Sunday, 19 April 2015

Grow a Health Garden

It’s that time of the year again when all you gardening and health enthusiasts grow herbs while the sun shine. Add a fresh zing to your food everyday, all through summer simply by growing your own fresh herbs.

Don’t whine - it is not rocket science. Growing herbs is quite easy with the rise in gardening tricks, tools and techniques. We will also tell you why a certain herb is nutritious and how you can use it. 

Mint / Pudina:
A common herb used in the kitchen - mint adds freshness to a dish like no other herb.

How to grow:
Besides being the freshest, mint is by far the easiest herb to grow. Simply wet the fertile soil in your planter and push the mint stems (even if they are leafless) slightly into the soil. You can also use stems that are almost dried. The mint plant loves moist soil so keep watering the pot a little everyday until the leaves sprout. This might take two or three weeks. Once the plant blooms, be sure to harvest it every few days for new leaves to grow.

Benefits of Mint:

  • Helps in digestion
  • Good for pains and aches
  • Helps to ease morning sickness during pregnancy 
  • Helps to fight cancer in the long run
  • Rejuvenates the mind and reduces stress
Use mint in fruit salad, yoghurt dip, cocktails, rolls and non-alcoholic drinks like ice tea. An ideal way to start your day is by brewing mint leaves in your tea.

Basil /Tulsi:
A native plant of Indian culture as well as a sacred one.

How to grow:
Basil can be grown by directly planting seeds in the soil or by germinating them first. Basil loves to grow in a warm environment and moderate amount of water. Basil can also grow from cuttings (of stems) and rejuvenates itself with a little water and some sunshine if it is almost dried out. Like mint, you need to harvest basil so new leaves can grow. This plant also produces seeds at the top of the stem which can be used to grow more basil if the plant dies.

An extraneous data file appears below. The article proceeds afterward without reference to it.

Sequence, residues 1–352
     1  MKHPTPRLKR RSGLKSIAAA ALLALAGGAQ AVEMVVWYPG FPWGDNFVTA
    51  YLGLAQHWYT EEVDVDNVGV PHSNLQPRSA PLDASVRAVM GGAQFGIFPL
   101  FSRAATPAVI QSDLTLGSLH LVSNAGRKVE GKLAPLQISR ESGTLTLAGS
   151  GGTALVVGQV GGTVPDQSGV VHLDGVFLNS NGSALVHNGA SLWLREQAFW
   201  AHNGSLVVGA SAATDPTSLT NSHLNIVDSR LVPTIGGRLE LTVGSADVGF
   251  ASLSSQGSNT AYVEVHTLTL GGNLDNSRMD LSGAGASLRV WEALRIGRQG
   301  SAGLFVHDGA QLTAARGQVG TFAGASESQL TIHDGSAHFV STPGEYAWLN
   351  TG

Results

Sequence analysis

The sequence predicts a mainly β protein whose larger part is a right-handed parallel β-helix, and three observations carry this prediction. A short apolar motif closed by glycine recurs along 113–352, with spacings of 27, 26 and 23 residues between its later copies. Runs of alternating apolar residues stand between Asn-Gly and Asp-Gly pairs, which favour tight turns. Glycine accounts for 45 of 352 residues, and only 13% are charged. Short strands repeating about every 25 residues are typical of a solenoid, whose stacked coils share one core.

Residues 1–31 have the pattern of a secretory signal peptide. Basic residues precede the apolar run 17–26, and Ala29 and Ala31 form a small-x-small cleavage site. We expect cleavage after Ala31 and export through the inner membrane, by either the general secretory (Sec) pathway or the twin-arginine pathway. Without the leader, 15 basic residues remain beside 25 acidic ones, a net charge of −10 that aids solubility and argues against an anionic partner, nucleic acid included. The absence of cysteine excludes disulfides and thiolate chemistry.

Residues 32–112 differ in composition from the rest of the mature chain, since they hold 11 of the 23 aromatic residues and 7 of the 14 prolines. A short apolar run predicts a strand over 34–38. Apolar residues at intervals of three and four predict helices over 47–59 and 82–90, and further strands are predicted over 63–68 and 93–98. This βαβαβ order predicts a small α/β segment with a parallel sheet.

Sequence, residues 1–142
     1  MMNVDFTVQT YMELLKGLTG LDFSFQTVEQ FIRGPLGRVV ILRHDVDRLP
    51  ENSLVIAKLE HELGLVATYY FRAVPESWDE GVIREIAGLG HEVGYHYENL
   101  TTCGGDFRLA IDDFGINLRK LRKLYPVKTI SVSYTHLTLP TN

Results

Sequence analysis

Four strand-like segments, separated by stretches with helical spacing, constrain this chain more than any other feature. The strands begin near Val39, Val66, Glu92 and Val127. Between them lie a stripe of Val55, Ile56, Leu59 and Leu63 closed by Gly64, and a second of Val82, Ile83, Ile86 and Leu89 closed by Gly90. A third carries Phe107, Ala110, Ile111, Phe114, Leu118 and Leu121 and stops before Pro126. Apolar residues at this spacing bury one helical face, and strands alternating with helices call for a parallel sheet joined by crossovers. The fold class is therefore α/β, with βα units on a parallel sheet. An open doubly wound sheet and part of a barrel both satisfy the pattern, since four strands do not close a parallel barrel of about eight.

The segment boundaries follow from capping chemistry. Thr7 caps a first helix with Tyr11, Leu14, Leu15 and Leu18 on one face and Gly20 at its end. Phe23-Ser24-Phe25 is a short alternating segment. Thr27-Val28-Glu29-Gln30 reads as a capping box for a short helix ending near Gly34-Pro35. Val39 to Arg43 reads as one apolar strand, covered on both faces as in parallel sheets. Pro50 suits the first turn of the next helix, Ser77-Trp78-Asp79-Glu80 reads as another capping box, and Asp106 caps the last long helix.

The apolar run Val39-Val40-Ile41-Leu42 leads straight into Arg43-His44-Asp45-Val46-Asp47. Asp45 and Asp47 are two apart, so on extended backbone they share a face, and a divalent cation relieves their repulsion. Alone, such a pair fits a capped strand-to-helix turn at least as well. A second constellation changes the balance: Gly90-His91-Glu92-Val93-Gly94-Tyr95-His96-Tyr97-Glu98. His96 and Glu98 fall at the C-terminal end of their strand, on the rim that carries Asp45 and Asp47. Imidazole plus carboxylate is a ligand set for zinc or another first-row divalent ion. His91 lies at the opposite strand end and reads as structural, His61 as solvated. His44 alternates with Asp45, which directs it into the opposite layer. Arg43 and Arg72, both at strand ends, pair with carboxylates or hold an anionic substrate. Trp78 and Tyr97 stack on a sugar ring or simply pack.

Benefits of basil:

  • Reduces swelling in the body
  • Rich in antioxidants 
  • Used in ayurvedic medicine
  • Used in treatment of arthritis and IBS (inflammatory bowel syndrome)
Use basil in pasta sauce, olive oil dressing, salad seasoning, stir fry and pesto.

Coriander (cilantro) / Dhania:
Another staple in the kitchen, in almost all cuisines, coriander or cilantro matches mint in its freshness quotient. Although cilantro is quite similar to parsley, the former is more citrus-y.

How to grow:
Lightly beat the seeds and directly sow in the planter. The seeds will take anywhere between a week to ten days to germinate. The plant requires fertile soil, just enough water to keep the soil moist and enough sun.

Benefits of Coriander:

  • A natural antiseptic and disinfectant. Has antioxidant and anti fungal properties that help to clear fungal skin infections
  • Lowers the level of bad cholesterol (LDL)
  • High in iron content so prevents anemia
  • Stimulates digestion
  • Reduces Blood pressure

Use coriander in almost anything - tacos, curries, salads, dips, chutneys, grilled and baked meat and seafood.

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